There is no convincing scientific evidence that antenatal corticosteroid therapy increases the risk of neonatal infection, although multiple courses have been associated with fetal adrenal suppression (2). Follow-up studies of adolescents aged 14 years who were exposed to at least one course of corticosteroid treatment indicate there is no apparent risk of an adverse neurodevelopmental outcome associated with antenatal corticosteroid use (3). In a randomized trial of single versus multiple courses of antenatal corticosteroids, a reduction in birth weight and an increase in the number of infants who were small for gestational age was found, especially after four courses of corticosteroids (4). Although not consistent, six studies found decreased birth weight and head circumference with repeat courses (4–10) and three studies did not (11–13). The 2000 consensus panel concluded that studies regarding the possible benefits and risks of repeat courses of antenatal corticosteroids are limited because of their study design and “methodologic inconsistencies.” The 2000 consensus panel noted that, although there is a suggestion of possible benefit from repeated courses (especially in the reduction and severity of respiratorydistress), there also are animal and human data thatsuggest deleterious effects on the fetus regarding cerebral myelination, lung growth, and function of the hypothalamic–pituitary–adrenal axis. Follow-up of children at 2 years of age exposed to repeat courses of antenatal corticosteroids showed no significant difference in physical or neurocognitive measures in two studies (14–15), and the same outcome was found in younger children in a third study (16). Although not statistically significant, the relative risk of cerebral palsy in infants exposed to multiple courses of antenatal corticosteroids (relative risk, 5.7; 95% confidence interval, 0.7–46.7; P=0.12) in one study is of concern and warrants further study (14). Maternal effects include increased risk of infection and suppression of the hypothalamic–pituitary–adrenal axis (6, 17).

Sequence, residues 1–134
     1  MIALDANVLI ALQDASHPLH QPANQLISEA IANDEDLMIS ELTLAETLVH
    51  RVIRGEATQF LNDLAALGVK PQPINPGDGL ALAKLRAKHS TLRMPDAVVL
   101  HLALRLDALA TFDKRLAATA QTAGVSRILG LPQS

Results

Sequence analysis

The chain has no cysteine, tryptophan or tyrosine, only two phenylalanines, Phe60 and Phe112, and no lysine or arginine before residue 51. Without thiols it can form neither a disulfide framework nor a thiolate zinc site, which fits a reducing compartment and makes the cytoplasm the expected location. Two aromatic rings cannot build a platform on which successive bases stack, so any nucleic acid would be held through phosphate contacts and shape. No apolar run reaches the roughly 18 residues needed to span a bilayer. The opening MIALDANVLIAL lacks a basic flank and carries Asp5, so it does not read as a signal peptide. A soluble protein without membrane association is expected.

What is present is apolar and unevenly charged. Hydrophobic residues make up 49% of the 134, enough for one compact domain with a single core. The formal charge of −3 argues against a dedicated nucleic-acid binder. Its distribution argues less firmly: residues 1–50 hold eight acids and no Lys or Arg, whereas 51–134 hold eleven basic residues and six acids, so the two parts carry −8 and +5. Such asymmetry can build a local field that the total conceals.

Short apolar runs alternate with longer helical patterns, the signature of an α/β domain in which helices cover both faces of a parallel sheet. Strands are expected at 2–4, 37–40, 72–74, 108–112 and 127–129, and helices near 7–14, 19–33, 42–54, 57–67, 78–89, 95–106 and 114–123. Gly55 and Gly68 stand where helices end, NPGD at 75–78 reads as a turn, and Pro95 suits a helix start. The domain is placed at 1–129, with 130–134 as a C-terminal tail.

The utility of a rescue course of steroids remains questionable for those patients who received treatment early in pregnancy and present again after more than 1–2 weeks with a recurrent or new risk of preterm birth. Although the initial data (18) suggested the benefit of steroids may decrease after 7 days, the duration of steroid benefit remains controversial (19). A multicenter randomized trial of a single rescue course was performed in 437 patients without preterm premature rupture of membranes (PROM) who had completed a single course of antenatal steroids before 30 weeks of gestation and at least 14 days before inclusion, and were judged to have a recurring threat of preterm birth in the coming week before 33 weeks of gestation (20). The investigators found a significant reduction in respiratory distress syndrome, the need for surfactant, and composite morbidityfor those giving birth before 34 weeks of gestation and for the overall cohort. No increase in newborn complications or intrauterine growth restriction was identified, although the power to evaluate these individual outcomes was low. Long-term outcome data are not available for these patients.